Thursday, 16 September 2021

Are Electric Cars the Answer to Climate Change?………..

Or……..is this all just a solution to solve the problem of falling availability of crude oil?

I read this today on Facebook and I thought I’d share it here.  We already know that windmills are incredibly expensive.  This quote below gives an idea of their costs, read it but then look at the following quote!

What's the cost of a wind turbine in 2021? $1,300,000 USD per megawatt. The typical wind turbine is 2-3 MW in power, so most turbines cost in the $2-4 million dollar range. Operation and maintenance runs an additional $42,000-$48,000 per year according to research on wind turbine operational cost.”   


Now read this!…….

Reapers Holland
@reapers.holland
 

Reapers Car Club is for all those that love cars and bikes.
Founded in Holland and now over 10 chapters World wide,in the USA, UK, Australia, Sweden and Holland.

Total fuel consumption of U.S. airlines is approximately 19 billion gallons annually.

Total fuel consumption for mining Ore for construction of electric car batteries is approximately 21 billion gallons annually.

The 21 billion gallons of fuel burned can only produce enough Ore to build 250,000 electric car batteries.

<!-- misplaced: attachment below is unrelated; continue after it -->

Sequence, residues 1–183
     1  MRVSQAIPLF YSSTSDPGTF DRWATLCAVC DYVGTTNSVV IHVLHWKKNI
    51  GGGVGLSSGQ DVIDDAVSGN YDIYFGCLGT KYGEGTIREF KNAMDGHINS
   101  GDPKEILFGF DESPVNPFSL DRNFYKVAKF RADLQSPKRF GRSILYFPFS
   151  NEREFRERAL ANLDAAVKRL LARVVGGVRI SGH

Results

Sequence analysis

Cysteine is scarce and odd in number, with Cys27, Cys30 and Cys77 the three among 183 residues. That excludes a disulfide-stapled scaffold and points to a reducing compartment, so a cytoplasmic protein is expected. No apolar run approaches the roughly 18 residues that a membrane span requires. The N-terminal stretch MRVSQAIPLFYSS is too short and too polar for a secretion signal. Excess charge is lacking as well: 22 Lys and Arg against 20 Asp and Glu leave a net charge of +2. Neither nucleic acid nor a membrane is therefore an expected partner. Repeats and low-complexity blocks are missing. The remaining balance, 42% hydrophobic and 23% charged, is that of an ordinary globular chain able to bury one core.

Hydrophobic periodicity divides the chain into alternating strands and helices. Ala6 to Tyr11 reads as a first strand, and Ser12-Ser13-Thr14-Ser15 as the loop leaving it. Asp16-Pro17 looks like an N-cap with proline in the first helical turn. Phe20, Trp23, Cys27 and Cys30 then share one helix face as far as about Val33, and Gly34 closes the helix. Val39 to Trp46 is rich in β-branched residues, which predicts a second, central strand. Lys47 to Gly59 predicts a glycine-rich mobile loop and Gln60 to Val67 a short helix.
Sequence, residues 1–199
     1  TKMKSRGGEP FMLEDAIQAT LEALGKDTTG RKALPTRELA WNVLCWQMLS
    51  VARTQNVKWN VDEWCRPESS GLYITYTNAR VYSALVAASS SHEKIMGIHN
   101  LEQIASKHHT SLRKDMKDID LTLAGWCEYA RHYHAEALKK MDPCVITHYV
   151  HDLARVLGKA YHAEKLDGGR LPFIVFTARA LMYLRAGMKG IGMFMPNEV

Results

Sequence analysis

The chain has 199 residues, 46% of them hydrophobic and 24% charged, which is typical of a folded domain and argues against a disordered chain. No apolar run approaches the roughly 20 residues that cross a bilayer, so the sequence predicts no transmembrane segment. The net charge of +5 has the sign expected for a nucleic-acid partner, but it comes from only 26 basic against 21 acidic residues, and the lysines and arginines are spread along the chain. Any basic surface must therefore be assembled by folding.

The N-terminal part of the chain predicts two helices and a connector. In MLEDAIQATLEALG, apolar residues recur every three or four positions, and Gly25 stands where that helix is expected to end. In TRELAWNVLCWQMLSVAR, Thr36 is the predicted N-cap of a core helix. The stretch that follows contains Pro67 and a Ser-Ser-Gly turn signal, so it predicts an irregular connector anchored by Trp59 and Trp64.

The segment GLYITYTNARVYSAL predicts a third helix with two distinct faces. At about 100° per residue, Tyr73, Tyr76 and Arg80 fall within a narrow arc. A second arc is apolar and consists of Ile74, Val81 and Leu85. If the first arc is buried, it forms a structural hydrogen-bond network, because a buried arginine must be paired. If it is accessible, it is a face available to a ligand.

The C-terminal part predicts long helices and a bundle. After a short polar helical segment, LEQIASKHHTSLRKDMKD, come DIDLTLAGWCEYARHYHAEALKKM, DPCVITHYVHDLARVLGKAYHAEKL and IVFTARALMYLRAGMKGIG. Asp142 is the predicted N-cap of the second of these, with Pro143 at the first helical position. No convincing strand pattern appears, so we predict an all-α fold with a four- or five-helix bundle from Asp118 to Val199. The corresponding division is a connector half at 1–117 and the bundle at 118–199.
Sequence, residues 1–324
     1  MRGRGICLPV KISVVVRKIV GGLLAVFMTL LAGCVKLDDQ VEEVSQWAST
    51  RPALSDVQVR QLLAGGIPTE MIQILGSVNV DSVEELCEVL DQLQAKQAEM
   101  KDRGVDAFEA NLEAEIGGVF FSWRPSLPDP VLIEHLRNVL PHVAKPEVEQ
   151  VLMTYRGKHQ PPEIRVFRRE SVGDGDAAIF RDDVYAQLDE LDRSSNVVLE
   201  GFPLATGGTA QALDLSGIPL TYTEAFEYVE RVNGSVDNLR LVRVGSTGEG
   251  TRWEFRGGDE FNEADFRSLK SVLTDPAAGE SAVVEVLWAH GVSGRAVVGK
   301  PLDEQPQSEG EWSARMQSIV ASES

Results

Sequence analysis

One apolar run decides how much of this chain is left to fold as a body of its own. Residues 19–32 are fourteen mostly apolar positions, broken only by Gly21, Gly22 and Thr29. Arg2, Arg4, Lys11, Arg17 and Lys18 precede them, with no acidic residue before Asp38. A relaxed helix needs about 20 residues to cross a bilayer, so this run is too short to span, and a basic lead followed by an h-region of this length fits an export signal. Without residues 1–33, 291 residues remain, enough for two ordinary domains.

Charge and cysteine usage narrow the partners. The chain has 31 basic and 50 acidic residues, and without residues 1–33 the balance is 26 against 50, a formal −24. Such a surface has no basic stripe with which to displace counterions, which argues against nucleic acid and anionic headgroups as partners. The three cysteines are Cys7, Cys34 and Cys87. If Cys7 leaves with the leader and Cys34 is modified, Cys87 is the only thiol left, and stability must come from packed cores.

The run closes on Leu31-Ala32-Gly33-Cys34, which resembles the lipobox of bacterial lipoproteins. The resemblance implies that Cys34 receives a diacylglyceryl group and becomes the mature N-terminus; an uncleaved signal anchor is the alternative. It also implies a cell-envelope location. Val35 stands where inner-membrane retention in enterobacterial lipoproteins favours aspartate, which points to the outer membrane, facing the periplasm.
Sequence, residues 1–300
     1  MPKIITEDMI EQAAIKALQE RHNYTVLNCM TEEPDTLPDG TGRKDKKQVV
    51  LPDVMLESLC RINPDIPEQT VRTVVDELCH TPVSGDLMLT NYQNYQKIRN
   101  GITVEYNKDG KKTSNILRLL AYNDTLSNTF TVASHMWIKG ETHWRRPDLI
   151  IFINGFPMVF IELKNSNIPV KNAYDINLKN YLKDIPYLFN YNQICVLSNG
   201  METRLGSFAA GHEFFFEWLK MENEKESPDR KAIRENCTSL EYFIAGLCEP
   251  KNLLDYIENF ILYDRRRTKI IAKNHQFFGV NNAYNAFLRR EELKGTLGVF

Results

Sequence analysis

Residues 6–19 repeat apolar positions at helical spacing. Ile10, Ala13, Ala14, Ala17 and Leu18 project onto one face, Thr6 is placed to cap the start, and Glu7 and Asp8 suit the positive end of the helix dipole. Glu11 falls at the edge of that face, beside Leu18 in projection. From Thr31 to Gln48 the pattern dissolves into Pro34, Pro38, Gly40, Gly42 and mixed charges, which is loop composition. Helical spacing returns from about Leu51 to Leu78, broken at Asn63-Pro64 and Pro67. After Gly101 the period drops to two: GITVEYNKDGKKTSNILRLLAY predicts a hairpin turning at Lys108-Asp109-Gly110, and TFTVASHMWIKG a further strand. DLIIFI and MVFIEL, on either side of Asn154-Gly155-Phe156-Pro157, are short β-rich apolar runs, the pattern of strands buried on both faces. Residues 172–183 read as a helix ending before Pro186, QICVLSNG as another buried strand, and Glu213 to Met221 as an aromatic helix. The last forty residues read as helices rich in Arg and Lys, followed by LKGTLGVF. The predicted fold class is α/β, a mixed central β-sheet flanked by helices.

The lifespan of an electric battery is 10 years and is not renewable. By 2050 these batteries will fill landfills with 50 million pounds of waste that does not break down.

I wonder if people would still believe in electric power cars, vehicles or equipment if they knew how massive the carbon emissions footprint really was?”

Are these true facts? I don’t know but I suspect there’s more than a grain of truth in them. What is true, is the problem of what to do with the batteries after they are done with.

Electric cars are significant contributors to climate protection – but the mining of lithium for the batteries is often criticised. However, lithium is also used in the batteries of laptops and cell phones, as well as in the glass and ceramics industry and there doesn’t seem an alternative for them, yet.

So where is the most lithium mined?